Only 3% of patients diagnosed each year with Glioblastoma Multiforme (GBM) survive longer than 5 years, making GBM one of the most lethal forms of human cancer. It has been proposed that GBMs are driven by a rare subset of tumor cells referred to as cancer stem cells (CSCs), which have the ability to resist conventional radio- and chemotherapy and initiate disease recurrence. Thus, the development of novel and effective therapeutic strategies targeting CSCs is required and should significantly improve the dismal prognosis for patients with GBM. A possible viable strategy to effectively target glioma stem cells (GSCs) is the use of bone morphogenetic proteins (BMPs) as differentiation inducers. Our results suggest that Rho-associated protein kinase (ROCK) could work as a pharmacological negative regulator of BMPs. Our preliminary data indicate that: i) Fasudil, a ROCK1 inhibitor, induces BMP2 and BMP4 expression both in vitro and in vivo in different human-derived glioma xenograft models; ii) Fasudil-induced BMPs can increase the expression of differentiation markers and decrease stemness in these glioma models; iii) temozolomide, a chemotherapeutic agent, converts glioma cells to a GSC phenotype, while Fasudil blocks this interconversion; iv) co-administration of Fasudil with temozolomide inhibits the invasive characteristics of GBM in an orthotropic glioma xenograft model; and v) the analysis of BMP expression in human-derived GBM samples from the Repository of Molecular Brain Neoplasia Database (REMBRABDT) reveals that patients with higher BMP2 expression survived four times longer than those with low or intermediate BMP2 expression (p<0.001). Based on this, we propose that, by blocking ROCK signaling with the FDA approved pharmacological inhibitor Fasudil, one can modulate BMP expression in human-derived gliomas. Fasudil, therefore, may redirect cellular signals regulating GSCs' stemness, fate, and initiate their differentiation. Such an agent will allow us to develop a more effective anti-glioma therapy through its combination with other conventional anti-cancer drugs.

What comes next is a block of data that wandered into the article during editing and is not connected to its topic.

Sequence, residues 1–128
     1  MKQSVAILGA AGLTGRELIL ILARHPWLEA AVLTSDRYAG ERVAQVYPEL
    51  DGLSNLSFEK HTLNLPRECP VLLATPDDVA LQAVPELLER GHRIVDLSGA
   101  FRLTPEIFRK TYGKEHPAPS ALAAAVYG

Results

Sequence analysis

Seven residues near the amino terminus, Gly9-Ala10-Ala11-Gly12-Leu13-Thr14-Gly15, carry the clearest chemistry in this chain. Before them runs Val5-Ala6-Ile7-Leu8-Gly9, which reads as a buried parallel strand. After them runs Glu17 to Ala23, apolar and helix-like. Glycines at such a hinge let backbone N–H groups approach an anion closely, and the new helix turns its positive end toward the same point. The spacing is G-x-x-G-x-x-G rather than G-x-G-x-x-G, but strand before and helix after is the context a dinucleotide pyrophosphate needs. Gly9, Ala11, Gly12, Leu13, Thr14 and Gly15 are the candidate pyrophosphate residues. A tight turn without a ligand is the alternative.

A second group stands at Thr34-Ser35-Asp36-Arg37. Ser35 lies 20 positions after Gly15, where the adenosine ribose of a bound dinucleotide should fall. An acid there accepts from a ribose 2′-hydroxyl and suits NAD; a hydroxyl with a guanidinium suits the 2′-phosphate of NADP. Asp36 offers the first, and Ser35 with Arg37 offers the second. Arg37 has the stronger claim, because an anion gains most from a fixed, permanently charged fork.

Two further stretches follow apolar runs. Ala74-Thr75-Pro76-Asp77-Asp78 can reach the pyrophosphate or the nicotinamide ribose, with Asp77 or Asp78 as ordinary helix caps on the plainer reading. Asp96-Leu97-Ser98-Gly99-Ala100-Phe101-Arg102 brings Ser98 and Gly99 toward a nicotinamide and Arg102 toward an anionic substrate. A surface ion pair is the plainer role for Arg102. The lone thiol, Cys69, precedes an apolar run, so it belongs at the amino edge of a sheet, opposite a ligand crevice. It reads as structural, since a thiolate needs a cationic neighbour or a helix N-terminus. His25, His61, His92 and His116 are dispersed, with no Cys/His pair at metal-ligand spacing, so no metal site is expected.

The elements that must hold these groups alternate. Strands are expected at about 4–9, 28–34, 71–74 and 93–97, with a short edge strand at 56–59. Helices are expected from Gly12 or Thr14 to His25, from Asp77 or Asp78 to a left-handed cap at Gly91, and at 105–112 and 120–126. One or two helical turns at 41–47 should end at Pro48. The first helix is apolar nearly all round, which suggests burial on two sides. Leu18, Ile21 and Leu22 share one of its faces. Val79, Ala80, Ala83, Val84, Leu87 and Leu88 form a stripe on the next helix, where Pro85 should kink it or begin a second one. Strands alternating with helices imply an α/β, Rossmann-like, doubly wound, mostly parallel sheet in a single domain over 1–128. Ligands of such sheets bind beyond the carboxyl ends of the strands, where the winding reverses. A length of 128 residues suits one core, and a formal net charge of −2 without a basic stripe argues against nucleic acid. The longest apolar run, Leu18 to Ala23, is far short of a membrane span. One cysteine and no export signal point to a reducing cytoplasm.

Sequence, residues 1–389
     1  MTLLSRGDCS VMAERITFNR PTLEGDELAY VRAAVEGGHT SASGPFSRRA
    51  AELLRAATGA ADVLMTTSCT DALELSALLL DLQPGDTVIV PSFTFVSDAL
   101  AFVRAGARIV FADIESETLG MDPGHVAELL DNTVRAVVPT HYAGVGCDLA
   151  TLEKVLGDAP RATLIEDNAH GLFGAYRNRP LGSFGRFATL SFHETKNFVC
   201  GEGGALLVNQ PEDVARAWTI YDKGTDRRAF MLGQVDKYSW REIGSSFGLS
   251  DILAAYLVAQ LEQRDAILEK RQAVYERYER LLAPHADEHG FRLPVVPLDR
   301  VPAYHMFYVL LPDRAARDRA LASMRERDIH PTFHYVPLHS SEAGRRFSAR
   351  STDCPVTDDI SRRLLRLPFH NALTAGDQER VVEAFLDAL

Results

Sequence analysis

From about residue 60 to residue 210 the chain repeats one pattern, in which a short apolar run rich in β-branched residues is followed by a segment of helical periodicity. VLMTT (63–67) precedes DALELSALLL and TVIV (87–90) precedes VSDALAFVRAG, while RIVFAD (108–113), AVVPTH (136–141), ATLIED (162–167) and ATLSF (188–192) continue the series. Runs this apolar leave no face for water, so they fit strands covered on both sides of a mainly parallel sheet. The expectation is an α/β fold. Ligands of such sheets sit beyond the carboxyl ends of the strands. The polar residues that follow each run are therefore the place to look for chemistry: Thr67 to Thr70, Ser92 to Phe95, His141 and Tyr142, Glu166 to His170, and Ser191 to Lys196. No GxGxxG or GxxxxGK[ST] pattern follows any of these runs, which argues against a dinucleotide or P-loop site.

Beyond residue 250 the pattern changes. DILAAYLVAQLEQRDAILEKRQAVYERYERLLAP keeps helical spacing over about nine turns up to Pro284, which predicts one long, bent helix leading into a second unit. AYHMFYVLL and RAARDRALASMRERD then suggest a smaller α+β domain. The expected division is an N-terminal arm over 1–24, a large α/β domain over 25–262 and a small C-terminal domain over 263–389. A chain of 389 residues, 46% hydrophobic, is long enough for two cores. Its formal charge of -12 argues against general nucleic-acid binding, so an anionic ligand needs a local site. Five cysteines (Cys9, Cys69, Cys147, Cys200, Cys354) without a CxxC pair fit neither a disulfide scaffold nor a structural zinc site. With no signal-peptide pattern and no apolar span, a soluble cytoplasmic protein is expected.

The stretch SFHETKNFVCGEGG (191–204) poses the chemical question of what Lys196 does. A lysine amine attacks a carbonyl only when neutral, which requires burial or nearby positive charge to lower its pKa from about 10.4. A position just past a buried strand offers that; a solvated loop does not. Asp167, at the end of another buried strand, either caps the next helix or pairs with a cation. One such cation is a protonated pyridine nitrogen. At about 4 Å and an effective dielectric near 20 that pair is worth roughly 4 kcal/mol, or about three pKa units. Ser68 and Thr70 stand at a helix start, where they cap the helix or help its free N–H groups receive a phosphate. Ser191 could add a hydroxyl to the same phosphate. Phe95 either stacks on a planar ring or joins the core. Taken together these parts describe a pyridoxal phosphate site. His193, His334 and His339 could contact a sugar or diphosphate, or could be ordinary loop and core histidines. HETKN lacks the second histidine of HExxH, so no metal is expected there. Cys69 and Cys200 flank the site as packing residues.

Citation Format: Brenda Auffinger, Alex L. Tobias, Yu Han, Maciej S. Lesniak, Atique U. Ahmed. ROCK inhibitor as a differentiation-inducing agent to target glioma stem cells. [abstract]. In: Proceedings of the 105th Annual Meeting of the American Association for Cancer Research; 2014 Apr 5-9; San Diego, CA. Philadelphia (PA): AACR; Cancer Res 2014;74(19 Suppl):Abstract nr 3899. doi:10.1158/1538-7445.AM2014-3899